Wednesday, May 26, 2010

Legacy strips:frozen or fresh? Part 2

Time Magazine published a list of the ten longest-running newspaper comic strips. In part 1 I talked about those that seems frozen in time -- and creatively frozen as well. But just because the original artist dies, the creative development of the comic strip doesn't have to die as well (or turn into a zombie). It can become the starting point for the the new artistic team. From Time Magazine's list, here are the strips I think are fresh rather than frozen.

Little Orphan Annie - The last creative team to work on Annie did the best they could to update this 86-year-old strip. Annie started wearing jeans, the stories had contemporary settings, but it was all for naught. People who came to the comic because they loved the movie didn't relate to the adventure-style stories. Unlike times past, readers are receptive to new gag strips, but are completely uninterested in new (or even revamped) narrative strips. A noble effort, nonetheless.

Gasoline Alley - This is one of the few strips where characters age (albeit not quite as quickly as in the real world). The current artist, Jim Scancarelli has made major changes in Gasoline Alley, keeping the story -- and the world it inhabits -- growing and evolving. Phyllis Wallet, a mainstay of the strip since the 1930's died of old age during his tenure. Characters leave the strip, and new ones appear. Situations change, and children are born. Just like the real world, life goes on. Slow, organic growth that results in major changes over time.Very fresh, though with a patina of age.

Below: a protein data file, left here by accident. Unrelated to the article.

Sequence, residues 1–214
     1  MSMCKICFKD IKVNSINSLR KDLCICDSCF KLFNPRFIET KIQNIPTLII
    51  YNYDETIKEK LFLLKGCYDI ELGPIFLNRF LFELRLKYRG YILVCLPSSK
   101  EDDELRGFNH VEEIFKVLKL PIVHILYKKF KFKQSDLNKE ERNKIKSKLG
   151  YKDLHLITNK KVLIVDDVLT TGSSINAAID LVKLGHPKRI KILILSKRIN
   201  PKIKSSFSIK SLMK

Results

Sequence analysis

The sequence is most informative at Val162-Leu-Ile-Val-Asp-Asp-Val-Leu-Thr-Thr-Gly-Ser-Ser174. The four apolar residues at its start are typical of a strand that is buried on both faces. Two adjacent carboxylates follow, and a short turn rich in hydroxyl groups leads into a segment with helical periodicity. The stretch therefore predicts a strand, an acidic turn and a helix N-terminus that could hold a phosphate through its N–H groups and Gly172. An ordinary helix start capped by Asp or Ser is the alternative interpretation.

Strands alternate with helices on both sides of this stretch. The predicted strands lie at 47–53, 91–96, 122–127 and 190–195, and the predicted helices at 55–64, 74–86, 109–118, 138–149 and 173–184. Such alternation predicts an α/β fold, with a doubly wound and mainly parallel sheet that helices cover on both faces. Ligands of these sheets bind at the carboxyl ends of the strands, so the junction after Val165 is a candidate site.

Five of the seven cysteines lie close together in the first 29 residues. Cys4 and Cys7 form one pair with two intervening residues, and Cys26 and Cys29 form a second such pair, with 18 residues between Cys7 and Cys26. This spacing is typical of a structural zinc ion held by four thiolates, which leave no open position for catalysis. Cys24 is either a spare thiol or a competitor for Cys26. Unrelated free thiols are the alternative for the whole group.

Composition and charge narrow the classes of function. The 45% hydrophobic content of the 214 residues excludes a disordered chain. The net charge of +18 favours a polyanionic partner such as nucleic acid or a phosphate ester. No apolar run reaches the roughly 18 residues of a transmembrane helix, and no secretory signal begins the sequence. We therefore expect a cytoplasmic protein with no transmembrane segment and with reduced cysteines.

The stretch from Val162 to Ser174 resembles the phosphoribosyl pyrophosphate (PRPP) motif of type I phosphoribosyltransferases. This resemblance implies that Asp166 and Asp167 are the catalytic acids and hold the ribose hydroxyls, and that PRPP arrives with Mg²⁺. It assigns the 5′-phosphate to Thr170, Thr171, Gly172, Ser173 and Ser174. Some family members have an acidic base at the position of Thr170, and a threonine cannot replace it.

Prince Valiant - Another strip where characters age. When Hal Foster created Val, he was a young boy newly arrived at King Arthur's court. Over a half century later (being a Sunday-only strip, time moves very slowly), he's now a late middle-aged family man. The current creative team of Gary Gianni and Mark Schultz are moving the stories in a more fantasy-oriented direction, bringing them in line with current tastes of comics readers. Maintaining the high standards of the past in contemporary form, fresh in look and stories.

Brenda Starr - Currently written by a journalist, this strip has dramatically changed since Dale Messick's death. Characters have aged, and the trials and tribulations of Ms. Starr reflect the current unsettled market of newspaper reporters in general. The strip has hit the right balance of adventure, drama, and commentary on the very medium it's printed on (thanks to current writer Mary Schmich, a reporter for the Chicago Tribune) and a clean, modern graphic look as drawn by June Brigman. Building a new story on a strong foundation -- fresher than the newspapers that carry it.

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